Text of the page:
Everything that lives dies. We all face it. Parents, lovers, friends, children, strangers, pets. The deserving and undeserving. The old and the young and those in between. We who are left behind–and everyone has someone who is left behind–struggle with survivor’s guilt, tangled in the darkness pouring through the gaping wound in our lives. We combat the darkness with only stardust and memories. Fragile, intangible things.
But this is the truth I hold to: We all get one life, whether it’s brief as a flickering candle or as long as a century. We don’t get to know in advance what our allotment will be, but we all get a portion of feeling air in our lungs, and hearing the susurration of blood through our veins. Sometimes life sucks. But we get one, and if we’re lucky enough to make it to some semblance of adulthood, we get a say in how ours goes.
We have choice. Sometimes it’s not much of one, but it is choice. And this is the question of all our lives: What do you choose?
To quote part of my favorite poem, “The Summer Day” by the sublime Mary Oliver:
Doesn’t everything die at last, and too soon?
Tell me, what is it you plan to do
with your one wild and precious life?
Read the full poem. Go ahead. I’ll be here.
I think of Bowie and Rickman and my friend. Their day-to-days were very different, and yet all were full of creativity and courage. Despite whatever fears crowded their minds, whatever limitations were placed on them by others, they stepped into who they were from minute-to-minute and year-to-year. They did what they loved, and surrounded themselves with the people and work which gave them joy. Then they shared that joy with the rest of the world. What a fantastic legacy!
I hope that’s what we do–step into our joy, and share that joy with others. We only get a brief time on this amazing ball of rock in this splendid galaxy, and there’s only one of each of us. Whether you’re a butcher or baker or candlestick maker, you’re the only you that will ever be in the entire history of the universe. Live your life as richly as you can, with all the love and pain and wonder as you can hold.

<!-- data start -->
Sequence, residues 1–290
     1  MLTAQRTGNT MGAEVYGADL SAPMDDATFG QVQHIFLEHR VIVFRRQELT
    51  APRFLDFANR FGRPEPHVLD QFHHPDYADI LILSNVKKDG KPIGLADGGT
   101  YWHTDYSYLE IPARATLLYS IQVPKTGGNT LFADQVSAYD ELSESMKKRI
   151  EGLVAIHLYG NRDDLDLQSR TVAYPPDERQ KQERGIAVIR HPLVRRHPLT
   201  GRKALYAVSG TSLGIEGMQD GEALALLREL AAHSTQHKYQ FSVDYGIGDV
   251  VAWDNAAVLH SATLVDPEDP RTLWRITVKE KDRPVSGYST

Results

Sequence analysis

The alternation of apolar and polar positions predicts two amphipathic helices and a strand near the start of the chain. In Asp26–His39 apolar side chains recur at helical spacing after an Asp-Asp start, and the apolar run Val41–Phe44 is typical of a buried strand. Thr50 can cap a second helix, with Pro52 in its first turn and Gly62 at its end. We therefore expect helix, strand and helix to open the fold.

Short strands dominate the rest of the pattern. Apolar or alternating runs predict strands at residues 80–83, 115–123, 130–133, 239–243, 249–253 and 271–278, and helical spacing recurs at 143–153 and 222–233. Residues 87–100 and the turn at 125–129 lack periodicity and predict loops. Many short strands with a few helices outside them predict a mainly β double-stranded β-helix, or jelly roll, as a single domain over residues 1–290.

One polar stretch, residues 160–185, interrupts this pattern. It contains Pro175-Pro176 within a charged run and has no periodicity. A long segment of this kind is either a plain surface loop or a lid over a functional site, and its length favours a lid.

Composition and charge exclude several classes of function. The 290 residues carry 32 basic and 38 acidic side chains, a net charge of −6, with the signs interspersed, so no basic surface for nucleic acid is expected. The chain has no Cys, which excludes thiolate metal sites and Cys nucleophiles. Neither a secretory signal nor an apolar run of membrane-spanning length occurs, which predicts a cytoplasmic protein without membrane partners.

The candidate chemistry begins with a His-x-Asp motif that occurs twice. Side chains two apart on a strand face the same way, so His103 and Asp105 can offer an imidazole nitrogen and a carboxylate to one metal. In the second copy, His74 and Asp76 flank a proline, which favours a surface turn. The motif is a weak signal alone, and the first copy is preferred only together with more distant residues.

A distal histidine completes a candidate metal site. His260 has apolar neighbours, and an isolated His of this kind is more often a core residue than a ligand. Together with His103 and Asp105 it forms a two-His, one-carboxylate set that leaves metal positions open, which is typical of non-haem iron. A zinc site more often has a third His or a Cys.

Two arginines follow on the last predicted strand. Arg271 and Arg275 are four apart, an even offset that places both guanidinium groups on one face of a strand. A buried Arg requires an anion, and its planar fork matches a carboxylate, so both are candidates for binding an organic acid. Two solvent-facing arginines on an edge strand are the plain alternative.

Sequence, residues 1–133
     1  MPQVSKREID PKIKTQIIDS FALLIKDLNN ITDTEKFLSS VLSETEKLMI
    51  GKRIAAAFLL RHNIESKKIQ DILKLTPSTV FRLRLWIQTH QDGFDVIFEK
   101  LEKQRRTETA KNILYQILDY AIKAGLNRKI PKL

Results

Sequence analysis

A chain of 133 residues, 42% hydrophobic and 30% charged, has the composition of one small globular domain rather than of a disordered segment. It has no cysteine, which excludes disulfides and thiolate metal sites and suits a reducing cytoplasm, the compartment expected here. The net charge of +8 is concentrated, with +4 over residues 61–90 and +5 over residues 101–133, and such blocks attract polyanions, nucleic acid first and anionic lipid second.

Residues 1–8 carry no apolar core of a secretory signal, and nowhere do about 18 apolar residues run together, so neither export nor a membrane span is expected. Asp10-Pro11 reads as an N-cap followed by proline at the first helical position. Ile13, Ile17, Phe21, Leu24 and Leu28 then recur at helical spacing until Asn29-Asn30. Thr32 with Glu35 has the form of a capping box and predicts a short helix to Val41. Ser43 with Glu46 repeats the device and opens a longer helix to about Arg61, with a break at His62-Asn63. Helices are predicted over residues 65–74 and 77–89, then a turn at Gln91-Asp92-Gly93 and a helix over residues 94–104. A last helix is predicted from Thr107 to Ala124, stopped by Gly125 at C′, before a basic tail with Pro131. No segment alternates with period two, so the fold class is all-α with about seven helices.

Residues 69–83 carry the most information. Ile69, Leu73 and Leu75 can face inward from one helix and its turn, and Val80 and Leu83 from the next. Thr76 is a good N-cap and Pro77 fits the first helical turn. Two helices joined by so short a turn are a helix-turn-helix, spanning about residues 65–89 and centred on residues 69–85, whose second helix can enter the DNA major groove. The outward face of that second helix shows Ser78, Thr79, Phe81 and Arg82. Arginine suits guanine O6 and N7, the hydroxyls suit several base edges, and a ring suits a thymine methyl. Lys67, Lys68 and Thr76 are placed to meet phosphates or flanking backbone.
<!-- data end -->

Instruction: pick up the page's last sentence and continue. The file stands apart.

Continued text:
I know it’s easier said than done. I do, I know. But when my life is over, I don’t want to sigh and regret and think, “I could have, but I was too afraid.” I don’t want to have merely existed, trapped in the shell that fear wrought.
Fear lies. It tells us we can’t. It tells us we shouldn’t. It feeds us reasons to not.
We don’t have time to “not”. Don’t let fear win.
Shine on, my lovely, glorious friends. Be brave with yourself, be bold. Remember that everything starts small. Take one step, then take another. Shine your unique, weird and wonderful light, and I’ll do my best to shine mine. I hope together we light up the sky for whatever time is given us.
My small step is to write every day, regardless of depression or mood or subject. What’s your small step? What will you do with your one wild and precious life?
Put on your red shoes. Let’s dance.
08 Jan 2016 2 Comments
Heaven and Hell. When I was younger, I believed.
I had a friend, Erica, raised on fire and brimstone. Erica would come to school with terrifying stories from Sunday school about deluges, eternal damnation, glowing castles in the clouds, and people with wings. We decided to go see these things.